Last night the hubby and I had a night off from the children to go and experience the first game at the new Tottenham Hotspur Stadium and it was incredible!
When we reached Seven Sisters train station I realised how heavily outnumbered I was in the male to female ratio. The game is so loved by men and to be fair I can see why they enjoy going to the games so much. They’re able to have some time out having fun with their friends in a completely male dominated environment. It’s so easy to get caught up in why us mum’s need to relax and have some space, and it felt like this was the equivalent of a spa day for us women.
We finally caught the first glimpse of the stadium and it looked huge! I remember the old stadium belonging in the area, this stadium completely dominated the skyline and even in its super modern look and sleek finish, it seems to have already been embraced by its surroundings.
When we approached the stadium, Ian described it as incredible and I agree the closer you got, the more you could appreciate everything which had gone into the development. We approached the South Stand and with it being the first ever game we decided to go straight in and have a look around the inside, instead of exploring the outside.
Entry into the stadium was the smoothest I think I have ever experienced. To their credit, a lot of information and advice was shared prior to the game by Tottenham, but you never know if it will be that way in reality. We couldn’t fault them one bit. To begin with we were asked to show our tickets before we were even allowed near the actual ticketing barriers, this was to stop people entering the stadium via the wrong gate. We walked straight up to the security gates (we had no bags) and walked right on in through the detectors with no hold ups.
Signage was so clear there was no real way of getting lost and not knowing which direction to go. We entered using our mobile phones with the Spurs Official App and that was it…we were actually in!
It felt like there was so much to see, the beers filling from the bottom of the glasses, the micro-brewery, the food market and then of course the pitch itself!
The South Stand is an incredible single tier intended to create a wall of sound. We arrived quite early and managed to see this without many other fans and it was immense.
After the seats were full, well 59,215 seats to be exact (somehow it wasn’t completely full) the stadium energy was electric, the LED adverts were almost flying around the sky and with the waving flags we were in a sea of blue and white, the atmosphere was infections and the noise was astonishing.
The songs reverberated around the stadium like warrior songs before battle, it must have been pretty intimidating for the away team and exactly what Tottenham would have wanted to create!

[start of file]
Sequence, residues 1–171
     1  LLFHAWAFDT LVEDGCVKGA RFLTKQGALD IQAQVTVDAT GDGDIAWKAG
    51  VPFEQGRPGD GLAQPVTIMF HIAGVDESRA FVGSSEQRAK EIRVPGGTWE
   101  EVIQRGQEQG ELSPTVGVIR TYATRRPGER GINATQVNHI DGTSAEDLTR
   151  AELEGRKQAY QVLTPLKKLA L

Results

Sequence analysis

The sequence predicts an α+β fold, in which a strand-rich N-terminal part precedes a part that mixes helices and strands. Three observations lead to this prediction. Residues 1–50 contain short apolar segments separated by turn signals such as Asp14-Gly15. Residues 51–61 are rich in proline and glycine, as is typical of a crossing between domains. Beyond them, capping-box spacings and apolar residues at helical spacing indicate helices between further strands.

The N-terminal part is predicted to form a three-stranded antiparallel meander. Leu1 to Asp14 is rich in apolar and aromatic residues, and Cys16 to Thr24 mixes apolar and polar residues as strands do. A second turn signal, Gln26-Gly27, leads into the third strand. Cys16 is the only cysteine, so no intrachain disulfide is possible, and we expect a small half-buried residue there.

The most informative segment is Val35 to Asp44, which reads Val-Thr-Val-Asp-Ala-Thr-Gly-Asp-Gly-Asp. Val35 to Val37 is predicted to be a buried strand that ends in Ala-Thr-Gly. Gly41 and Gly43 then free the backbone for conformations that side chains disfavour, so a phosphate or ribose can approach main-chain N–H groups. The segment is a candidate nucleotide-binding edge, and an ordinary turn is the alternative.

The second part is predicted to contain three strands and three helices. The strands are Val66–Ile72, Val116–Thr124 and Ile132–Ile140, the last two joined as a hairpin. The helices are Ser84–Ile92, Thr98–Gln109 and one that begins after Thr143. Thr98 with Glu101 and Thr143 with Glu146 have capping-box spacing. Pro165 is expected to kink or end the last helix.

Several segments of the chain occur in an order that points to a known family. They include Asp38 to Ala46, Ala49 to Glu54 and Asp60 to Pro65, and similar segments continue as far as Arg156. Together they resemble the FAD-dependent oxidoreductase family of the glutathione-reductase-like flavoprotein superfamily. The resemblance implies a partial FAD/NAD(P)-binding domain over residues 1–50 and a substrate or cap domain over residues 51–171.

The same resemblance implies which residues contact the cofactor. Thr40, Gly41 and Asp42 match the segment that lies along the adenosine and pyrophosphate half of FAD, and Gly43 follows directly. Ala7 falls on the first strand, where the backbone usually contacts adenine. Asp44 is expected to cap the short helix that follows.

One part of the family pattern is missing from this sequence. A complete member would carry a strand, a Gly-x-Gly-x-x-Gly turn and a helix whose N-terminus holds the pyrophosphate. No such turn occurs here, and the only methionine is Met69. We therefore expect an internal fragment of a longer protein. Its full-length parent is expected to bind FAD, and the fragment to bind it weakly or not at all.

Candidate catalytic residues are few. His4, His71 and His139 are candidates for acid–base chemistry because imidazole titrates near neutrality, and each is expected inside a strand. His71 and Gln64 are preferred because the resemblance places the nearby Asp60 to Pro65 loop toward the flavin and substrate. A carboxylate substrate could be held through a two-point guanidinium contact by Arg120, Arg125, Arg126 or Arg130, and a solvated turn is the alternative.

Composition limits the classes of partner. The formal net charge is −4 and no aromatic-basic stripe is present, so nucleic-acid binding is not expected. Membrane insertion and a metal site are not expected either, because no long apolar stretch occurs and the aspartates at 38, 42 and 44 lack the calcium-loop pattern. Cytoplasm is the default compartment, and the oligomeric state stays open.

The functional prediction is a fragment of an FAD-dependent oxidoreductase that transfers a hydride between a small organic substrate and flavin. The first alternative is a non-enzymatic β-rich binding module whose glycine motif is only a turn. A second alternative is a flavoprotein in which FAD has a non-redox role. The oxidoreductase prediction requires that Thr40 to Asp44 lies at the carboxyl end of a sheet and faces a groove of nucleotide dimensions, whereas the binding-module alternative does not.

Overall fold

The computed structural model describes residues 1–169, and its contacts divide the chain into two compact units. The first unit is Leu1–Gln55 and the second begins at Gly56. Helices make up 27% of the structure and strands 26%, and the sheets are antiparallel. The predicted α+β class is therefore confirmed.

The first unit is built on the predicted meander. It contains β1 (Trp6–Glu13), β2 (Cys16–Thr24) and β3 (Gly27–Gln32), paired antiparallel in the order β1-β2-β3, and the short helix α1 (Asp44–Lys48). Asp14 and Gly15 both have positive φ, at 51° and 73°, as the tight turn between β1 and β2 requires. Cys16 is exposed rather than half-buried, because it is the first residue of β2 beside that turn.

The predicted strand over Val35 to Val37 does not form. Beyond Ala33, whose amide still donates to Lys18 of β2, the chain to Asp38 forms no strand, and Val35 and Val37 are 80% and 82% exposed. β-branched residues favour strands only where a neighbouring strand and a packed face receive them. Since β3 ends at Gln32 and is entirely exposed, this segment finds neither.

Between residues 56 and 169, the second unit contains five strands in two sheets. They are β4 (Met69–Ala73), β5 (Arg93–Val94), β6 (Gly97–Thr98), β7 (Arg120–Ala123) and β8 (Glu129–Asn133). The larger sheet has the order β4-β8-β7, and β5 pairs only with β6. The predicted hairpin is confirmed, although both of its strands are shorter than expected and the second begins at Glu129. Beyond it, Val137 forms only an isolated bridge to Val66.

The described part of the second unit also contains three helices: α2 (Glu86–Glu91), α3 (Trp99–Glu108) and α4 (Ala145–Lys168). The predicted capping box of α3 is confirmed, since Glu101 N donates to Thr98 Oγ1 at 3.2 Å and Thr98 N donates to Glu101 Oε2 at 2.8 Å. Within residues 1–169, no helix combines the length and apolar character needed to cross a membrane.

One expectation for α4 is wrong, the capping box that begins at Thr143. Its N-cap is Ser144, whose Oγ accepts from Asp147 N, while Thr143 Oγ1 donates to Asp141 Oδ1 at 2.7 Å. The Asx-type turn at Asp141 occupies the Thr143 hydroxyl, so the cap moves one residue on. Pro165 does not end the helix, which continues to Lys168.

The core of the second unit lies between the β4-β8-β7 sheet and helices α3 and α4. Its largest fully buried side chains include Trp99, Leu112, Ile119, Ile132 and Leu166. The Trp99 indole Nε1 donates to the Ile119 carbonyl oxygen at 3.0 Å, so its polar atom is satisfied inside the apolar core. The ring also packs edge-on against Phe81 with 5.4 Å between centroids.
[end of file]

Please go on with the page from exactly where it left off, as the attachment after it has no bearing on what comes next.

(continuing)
The opening ceremony lacked a bit of flare for me but made up for this in talent. I’m not sure if it’s just the word ‘ceremony’ that made me almost expect an Olympic Games style opening, but it definitely wasn’t that. The Gladesmore Community School choir did however do an outstanding job in their rendition of “Everybody Dreams” and “Glory Tottenham Hotspur”.
You couldn’t event hear the whistle for kick off as the fans were so loud and unified in their singing. I also hadn’t realised how many football chants I knew from Ian singing them to Holly and Liam at home. I couldn’t help but get carried away joining in.
The poor players were being managed by what seemed like 59,000 managers on the side-line all contending for the players to hear their advice. But it was in one moment when a counter attack wasn’t successful and nearly the whole stadium groaned I thought perhaps they do deserve the money they are being paid! Maybe it’s the mum in me but the pressure they are under is enormous!
The one thing I did think they had got wrong was the colour of the sponsorship adverts, I do feel they should have considered this more as AIA would pop up making the stadium turn red and with this being the colour of a not so loved London rival, that just didn’t seem right.
When Tottenham scored their goals to result in a 2-0 victory, I really thought Ian was going to fall down the entire height of the South Stand, fortunately the man in front who broke his fall a little found it funny and they continued celebrating together!
Once the game was over and it was time to leave I was a bit anxious about the steps as it was so steep, but everyone took their time with no pushing so exiting was very calm. The streets had been closed closest to the Stadium, but as we got further away walking back to Seven Sisters it soon turned into pedestrian vs vehicles. Those on foot were winning until one lone bus driver decided to take his lane back and everyone quickly jumped back on the path.
We were predictably British and joined the queue putting us in a pen only to find we could have easily walked around and got back to the station much quicker. Oh well, we’ll know for next time. The underground was full of friendly football fans and when we finally got home at 12:15 my mum was happy to tell us all about her time with the children.
So the only thing remaining for me to share on my experience at the Tottenham Hotspurs Stadium are my final thoughts:
- How much has the noise gone up for local residents with almost double the amount of fans?
- What was the actual ratio of women to men?
- Did the man banging the massive LED screen hurt his hand?
- Why is football seen as the beautiful game when most of the people watching it are extremely stressed?